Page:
The freedom and sense of community that comes with social networking is a wonderful thing, perhaps the most wonderful thing of the online age. But it comes with responsibility. If you intend to write about current affairs, publishing your unmoderated comments to however many pairs of eyes around the world, you must have an understanding of what you can and cannot say. It is no longer good enough to simply say "I didn't realise."
We should lower the voting age, and introduce compulsory voting- with a 'none of the above' option - in local and national elections. Russell Brand's performance with Jeremy Paxman was electrifying TV, but dangerous. People should get involved. They should vote. And they should get into politics in whatever way can make a difference.
At the end of 2013 I will be stepping away from blogging until June 2016, by which time I'm sure blogging will be obsolete. It feels excellent to discard a cultural practice which sounds and has begun to feel like a combination of bragging, slogging, slobbing, blabbing, blubbing, gobbing, gagging, dragging and blagging.
I think the pace of change has been greater during our lifetime than in any other period in history, and nowhere more so than in the media; papers, radio and TV active 24 hours a day, deadlines and regional borders effectively gone, news and comment largely fused, trends accelerated by social media which did not exist when I left Downing Street, let alone when I started. Mark Zuckerberg, 29, was not even born when I set out on the Daily Mirror.
The medley of today's media is unprecedented. While Britain's biggest publishers find themselves in similarly unparalleled levels of turmoil - shrinking revenue, the threat of state regulation, and a growing tendency to aim their guns at each other - the range of outlets beneath them is fragmenting like light through a prism.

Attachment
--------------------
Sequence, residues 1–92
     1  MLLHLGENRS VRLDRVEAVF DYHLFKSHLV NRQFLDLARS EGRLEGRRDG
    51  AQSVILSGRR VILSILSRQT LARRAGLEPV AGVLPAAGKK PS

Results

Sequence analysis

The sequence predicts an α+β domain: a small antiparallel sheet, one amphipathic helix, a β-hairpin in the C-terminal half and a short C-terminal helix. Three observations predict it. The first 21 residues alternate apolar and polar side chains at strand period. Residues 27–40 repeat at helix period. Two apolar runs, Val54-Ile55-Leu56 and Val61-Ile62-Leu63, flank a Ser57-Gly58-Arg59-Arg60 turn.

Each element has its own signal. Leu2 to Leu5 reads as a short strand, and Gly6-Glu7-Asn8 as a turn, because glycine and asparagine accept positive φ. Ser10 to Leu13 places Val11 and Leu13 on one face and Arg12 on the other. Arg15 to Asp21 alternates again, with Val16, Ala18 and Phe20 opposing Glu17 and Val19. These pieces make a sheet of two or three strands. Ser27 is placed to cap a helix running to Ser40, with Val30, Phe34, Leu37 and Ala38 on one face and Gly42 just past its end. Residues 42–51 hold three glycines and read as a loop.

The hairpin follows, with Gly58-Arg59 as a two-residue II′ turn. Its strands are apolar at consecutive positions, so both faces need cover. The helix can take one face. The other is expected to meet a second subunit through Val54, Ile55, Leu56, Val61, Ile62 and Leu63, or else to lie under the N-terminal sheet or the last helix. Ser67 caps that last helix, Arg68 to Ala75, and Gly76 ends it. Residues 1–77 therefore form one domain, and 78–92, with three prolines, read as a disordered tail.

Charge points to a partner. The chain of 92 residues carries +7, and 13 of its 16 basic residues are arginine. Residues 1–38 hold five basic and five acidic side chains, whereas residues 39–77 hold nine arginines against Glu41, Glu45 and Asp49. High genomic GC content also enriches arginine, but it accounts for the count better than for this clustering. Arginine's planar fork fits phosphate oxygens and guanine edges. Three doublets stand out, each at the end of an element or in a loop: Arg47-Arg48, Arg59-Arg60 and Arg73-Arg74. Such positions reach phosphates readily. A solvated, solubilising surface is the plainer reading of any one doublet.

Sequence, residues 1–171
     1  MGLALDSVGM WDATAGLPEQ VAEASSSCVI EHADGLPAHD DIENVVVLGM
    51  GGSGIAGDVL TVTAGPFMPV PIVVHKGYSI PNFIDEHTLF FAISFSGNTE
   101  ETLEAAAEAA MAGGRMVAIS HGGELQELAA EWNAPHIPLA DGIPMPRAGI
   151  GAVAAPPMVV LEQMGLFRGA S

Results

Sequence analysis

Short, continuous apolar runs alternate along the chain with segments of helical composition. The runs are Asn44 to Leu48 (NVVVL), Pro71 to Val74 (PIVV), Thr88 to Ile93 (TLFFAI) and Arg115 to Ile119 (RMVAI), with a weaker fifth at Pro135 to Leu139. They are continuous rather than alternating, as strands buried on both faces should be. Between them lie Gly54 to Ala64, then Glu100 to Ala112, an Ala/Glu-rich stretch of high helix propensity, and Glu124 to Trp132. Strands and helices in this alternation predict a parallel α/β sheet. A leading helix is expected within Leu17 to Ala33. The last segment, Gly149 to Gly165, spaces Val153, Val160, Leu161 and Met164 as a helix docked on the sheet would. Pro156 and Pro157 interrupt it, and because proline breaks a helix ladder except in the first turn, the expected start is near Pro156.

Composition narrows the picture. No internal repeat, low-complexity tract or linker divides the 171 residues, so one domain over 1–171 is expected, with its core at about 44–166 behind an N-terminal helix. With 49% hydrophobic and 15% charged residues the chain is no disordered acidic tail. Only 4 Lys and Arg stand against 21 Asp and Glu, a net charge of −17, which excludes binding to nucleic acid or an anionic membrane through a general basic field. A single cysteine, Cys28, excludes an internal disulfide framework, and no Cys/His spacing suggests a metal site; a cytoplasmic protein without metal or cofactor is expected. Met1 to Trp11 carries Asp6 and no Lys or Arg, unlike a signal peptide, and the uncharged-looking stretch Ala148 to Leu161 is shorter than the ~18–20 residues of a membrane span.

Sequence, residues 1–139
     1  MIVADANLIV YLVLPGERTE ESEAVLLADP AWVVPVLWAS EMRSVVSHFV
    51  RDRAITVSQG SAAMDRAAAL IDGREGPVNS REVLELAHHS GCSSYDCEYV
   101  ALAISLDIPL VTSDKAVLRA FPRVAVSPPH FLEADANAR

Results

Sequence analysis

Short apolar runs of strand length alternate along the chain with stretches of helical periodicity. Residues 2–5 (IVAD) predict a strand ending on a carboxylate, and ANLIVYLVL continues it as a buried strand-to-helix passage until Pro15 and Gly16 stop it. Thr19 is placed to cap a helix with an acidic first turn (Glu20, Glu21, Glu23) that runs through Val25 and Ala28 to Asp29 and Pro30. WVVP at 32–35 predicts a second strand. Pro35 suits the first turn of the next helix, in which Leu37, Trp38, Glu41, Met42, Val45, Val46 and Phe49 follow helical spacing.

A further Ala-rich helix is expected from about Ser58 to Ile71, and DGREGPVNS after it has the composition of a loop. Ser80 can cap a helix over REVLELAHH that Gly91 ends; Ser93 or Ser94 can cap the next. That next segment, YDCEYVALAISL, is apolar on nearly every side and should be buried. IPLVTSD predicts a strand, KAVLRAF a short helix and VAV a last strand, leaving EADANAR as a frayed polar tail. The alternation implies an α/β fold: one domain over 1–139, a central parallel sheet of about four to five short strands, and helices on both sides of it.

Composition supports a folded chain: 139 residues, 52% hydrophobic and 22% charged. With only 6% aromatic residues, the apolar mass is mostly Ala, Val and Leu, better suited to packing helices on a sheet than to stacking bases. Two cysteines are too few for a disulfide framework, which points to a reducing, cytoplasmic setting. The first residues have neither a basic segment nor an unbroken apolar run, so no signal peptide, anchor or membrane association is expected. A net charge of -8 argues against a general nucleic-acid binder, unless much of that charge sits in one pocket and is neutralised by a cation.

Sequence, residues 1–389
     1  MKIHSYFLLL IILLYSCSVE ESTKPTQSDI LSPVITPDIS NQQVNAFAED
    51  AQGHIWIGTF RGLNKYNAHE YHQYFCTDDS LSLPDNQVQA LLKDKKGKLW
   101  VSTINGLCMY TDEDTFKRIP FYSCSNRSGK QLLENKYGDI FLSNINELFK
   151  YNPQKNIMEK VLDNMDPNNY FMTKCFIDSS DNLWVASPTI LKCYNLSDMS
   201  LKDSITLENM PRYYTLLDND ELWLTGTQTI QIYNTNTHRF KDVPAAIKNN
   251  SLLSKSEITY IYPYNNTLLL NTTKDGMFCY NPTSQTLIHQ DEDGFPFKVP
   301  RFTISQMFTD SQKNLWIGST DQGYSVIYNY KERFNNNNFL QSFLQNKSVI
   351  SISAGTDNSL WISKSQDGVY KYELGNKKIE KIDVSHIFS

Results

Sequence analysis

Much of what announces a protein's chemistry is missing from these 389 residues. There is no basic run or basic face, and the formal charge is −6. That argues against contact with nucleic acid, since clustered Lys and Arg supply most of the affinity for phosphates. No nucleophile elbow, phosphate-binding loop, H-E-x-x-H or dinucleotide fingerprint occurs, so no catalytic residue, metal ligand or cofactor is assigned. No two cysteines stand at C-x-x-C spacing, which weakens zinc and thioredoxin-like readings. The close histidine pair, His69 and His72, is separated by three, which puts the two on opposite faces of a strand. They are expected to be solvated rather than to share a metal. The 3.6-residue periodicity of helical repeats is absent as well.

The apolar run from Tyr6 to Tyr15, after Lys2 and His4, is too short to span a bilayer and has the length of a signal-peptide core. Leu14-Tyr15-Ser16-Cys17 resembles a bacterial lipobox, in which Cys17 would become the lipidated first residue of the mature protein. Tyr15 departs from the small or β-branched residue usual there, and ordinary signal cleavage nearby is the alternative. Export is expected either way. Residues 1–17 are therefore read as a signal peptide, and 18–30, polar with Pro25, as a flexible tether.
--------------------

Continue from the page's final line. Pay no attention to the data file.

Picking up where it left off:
When De Piero says "no one should have to worry that something they did when they were young might prevent them from serving their community or getting involved in politics", the vast majority would agree with her. Those who are trying to boost circulations on the back of other people's misery or humiliation - as some of our newspapers have done for years - will find little solace in their "public interest" arguments.
Throughout modern history the press, in the UK and US, has generally been willing to support governments at war. In World War I the press wilfully aided the war effort. By 1918 Lord Beaverbrook, the owner of Express newspapers, was minister of information. Lord Northcliffe, owner of the Times and Daily Mail was in charge of all propaganda directed at enemy countries...
The pigs were crammed in; moving, squealing, eating, shitting - these animals didn't have the luxury of outdoor exercise or daylight. This barn (more like a warehouse in fact) was home for now. Locals told us the farm contained 13,000 pigs, and was an intensive piglet "nursery", where young animals were brought from breeding establishments elsewhere to fatten up before being dispatched to the slaughterhouse and people's dinner plates.
Conversely, whether in print or online, critics with experience, expertise and a sense of responsibility should be championed. Those guiding voices make an essential contribution, with respected critical approbation translating into financial backing for many institutions and projects, and new voices handed a megaphone.